There’s nothing like a death to wake people up—and drug-related deaths at dance parties were a big wake-up call in the early ‘90s. We quickly united around a shared purpose: to make sure that didn’t happen again. Of course, we all held different positions about what the response should be, but for once there was an openness to listen. We knew that each of us held some part of the solution—if only we could just get past our own agenda, even momentarily, to share it. I knew who my allies were, on this issue at least. The main challenge I had was engaging with those who (on the face of it) seemed to be most opposed to the idea of providing education and advice to people who chose not to say ‘No’ to drugs. So gradually I entered into a ‘partnership’ with the Head of the Drugs Squad, and we listened deeply to each other’s concerns, ideas and fears. We had to meet fairly covertly, in pubs, mainly! He couldn’t be seen coming into my organisation, as we could lose credibility—and vice-versa. Neither of us brought our conversations to our broader organisations until we’d found a way to make progress together. When that finally happened, I had immediate pushback from the young people I represented: I had ‘colluded with the enemy’—they felt betrayed. But they could also see the wisdom in the technical solution we found. It was a solution which required compromise but it was a solution.
The result of this work was ultimately policy change, and a change in legislation for people who were running events, dance parties and night clubs. The ‘safer dancing guidelines’ were picked up and passed by the local council and then later they became national law. And it only happened by us working together—police, medical people, security, event promoters, councillors and us— with a clear motivating purpose: to prevent more drug-related deaths.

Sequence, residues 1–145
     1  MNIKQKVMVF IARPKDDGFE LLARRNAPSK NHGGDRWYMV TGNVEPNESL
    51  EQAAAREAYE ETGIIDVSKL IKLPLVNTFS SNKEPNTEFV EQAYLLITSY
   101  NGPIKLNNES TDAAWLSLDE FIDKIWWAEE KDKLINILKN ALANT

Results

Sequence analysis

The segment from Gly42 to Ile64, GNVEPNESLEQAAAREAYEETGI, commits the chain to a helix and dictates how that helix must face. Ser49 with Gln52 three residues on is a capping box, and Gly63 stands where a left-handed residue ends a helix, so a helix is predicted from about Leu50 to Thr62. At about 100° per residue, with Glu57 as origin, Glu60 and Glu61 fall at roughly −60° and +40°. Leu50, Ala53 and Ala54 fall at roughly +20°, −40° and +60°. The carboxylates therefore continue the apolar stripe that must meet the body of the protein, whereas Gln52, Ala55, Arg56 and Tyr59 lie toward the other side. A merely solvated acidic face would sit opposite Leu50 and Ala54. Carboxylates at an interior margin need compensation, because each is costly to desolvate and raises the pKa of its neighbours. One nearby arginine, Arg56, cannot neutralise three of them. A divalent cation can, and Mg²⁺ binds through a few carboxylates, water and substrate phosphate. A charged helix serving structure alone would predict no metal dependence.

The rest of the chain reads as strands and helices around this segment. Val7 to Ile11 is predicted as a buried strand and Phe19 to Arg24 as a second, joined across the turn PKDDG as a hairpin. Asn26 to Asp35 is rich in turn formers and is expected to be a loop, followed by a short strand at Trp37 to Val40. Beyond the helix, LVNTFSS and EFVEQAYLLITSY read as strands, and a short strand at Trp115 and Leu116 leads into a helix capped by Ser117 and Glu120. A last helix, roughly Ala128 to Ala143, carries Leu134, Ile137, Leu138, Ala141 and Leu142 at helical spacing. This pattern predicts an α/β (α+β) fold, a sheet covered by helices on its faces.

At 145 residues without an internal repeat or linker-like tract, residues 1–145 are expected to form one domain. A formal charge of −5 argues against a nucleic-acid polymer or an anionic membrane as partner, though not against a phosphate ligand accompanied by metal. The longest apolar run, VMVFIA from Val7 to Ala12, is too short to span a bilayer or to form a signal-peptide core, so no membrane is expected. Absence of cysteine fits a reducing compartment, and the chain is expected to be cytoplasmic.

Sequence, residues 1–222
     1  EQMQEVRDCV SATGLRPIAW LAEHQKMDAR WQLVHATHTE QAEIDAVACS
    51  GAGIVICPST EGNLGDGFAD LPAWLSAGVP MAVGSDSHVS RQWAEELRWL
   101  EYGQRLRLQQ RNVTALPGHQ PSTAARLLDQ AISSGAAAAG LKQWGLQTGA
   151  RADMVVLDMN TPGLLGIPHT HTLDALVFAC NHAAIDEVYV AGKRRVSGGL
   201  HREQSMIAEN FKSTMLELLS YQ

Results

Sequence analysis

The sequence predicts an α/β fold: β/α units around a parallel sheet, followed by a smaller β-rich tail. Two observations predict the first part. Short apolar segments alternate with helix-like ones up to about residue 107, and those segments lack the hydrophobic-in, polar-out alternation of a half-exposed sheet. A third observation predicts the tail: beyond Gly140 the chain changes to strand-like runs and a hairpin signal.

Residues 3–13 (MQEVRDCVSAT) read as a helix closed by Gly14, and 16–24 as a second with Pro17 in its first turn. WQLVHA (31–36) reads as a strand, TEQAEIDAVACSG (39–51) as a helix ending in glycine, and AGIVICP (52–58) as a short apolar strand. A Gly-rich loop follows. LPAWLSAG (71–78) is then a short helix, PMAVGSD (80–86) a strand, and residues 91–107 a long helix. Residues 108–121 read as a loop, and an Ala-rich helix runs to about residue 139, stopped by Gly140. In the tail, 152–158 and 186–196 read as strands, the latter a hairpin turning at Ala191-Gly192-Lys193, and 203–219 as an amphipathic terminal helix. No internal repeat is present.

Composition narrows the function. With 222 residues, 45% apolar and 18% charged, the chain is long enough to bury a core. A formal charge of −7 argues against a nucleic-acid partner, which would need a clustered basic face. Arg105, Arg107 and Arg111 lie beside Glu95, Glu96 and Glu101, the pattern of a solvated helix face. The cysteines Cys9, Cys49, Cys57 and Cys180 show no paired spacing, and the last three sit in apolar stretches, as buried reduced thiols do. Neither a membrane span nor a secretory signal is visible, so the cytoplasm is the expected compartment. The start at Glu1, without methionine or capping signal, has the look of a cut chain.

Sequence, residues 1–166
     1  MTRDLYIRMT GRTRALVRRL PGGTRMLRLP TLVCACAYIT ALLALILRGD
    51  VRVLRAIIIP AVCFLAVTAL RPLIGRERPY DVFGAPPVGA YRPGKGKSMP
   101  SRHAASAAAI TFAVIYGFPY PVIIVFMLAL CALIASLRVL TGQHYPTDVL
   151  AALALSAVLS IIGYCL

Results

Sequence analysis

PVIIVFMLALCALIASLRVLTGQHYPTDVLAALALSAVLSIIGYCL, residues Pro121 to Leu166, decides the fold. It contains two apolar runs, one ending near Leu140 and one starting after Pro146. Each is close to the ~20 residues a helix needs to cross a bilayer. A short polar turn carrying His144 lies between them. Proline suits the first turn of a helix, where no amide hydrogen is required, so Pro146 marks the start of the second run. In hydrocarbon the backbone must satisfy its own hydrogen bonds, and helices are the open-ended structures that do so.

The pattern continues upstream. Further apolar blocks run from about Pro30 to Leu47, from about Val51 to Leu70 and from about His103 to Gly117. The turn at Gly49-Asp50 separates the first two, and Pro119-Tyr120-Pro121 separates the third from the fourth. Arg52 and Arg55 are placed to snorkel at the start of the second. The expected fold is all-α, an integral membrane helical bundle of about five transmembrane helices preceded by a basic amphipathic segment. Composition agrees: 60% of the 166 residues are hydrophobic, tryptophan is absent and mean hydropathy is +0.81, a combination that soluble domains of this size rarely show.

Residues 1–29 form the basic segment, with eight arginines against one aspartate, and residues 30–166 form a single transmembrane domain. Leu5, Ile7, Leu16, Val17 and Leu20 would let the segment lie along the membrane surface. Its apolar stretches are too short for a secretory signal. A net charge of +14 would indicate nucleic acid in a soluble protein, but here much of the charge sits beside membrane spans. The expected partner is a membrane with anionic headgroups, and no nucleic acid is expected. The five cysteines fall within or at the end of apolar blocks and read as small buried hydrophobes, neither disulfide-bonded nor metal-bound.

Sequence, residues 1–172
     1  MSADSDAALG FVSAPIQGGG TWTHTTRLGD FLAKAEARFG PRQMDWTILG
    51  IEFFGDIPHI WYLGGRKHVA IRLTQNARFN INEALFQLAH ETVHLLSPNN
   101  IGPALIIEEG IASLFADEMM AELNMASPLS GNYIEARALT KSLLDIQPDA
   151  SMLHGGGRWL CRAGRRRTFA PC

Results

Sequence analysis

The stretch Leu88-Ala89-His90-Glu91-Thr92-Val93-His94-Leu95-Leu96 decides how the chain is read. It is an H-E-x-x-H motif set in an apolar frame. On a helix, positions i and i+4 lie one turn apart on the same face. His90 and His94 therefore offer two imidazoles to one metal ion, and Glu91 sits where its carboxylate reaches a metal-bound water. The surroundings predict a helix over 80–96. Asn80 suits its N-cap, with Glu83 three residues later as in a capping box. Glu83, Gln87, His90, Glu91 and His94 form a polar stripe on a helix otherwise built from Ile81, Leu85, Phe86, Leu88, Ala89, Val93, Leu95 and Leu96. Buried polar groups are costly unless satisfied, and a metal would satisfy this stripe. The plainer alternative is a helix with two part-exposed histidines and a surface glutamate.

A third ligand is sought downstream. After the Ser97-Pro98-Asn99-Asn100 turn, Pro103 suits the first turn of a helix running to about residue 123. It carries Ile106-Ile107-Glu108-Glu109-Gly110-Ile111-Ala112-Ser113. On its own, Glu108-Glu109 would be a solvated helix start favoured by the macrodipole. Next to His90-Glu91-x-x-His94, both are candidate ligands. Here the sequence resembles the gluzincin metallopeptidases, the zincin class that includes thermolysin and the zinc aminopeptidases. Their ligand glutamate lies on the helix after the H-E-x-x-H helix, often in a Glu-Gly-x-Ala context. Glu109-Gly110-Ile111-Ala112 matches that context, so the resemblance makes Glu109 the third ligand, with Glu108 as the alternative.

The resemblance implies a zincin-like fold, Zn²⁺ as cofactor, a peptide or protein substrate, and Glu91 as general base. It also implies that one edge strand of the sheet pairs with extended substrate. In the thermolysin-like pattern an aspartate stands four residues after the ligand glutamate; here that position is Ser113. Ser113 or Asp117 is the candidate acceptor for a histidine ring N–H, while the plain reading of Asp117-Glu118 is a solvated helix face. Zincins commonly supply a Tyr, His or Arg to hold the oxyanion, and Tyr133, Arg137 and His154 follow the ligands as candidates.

I’m often reminded of that work in my 20s in the organisations I work with today. The need to work consciously across the political landscape is greater, the more senior we become, and the more complex and fast-changing the environment becomes.
But whatever the context— in business or finance, in government, in the not-for-profit sector collaborating on behalf of something that matters always requires us to get beyond our own internal ‘tape-loop’, when we’re not really listening to anything other than the rightness of our own position. If we can understand on a deeper level what is actually going on, and give ourselves a range of interpretations other than, “I’m right and you’re wrong,” then we may just be able to move forward on some of our hardest issues.
Underneath the complaint, the shrill speech, the passionate defence, is often a desire for a ‘noble value’ to be heard. If I listen openly enough and enquire, I’ll hear something that I can agree is deeply noble—and yet still disagree. We’ve all been there, and I know once I can recognise that is what’s playing out , it moves me from argument to compassion and elicits a willingness to stay in it to do it differently.
This skill and awareness is what’s required to work politically—to work out what’s underneath the words, to speak to that value or fear of loss, to show we are willing to give something up ourselves. Yes, it’s often about individual loss but with a sense of what’s to be gained for us all.
Do you want to learn more about how to work politically and engage those with different, diverse and often competing values?
Are these skills that you, your collaboration or your organisation require to get better outcomes for the communities you serve?
Join us for a 2 day Adaptive Leadership for Collaborations and Collective Impact Masterclass in Sydney on 28-29 September.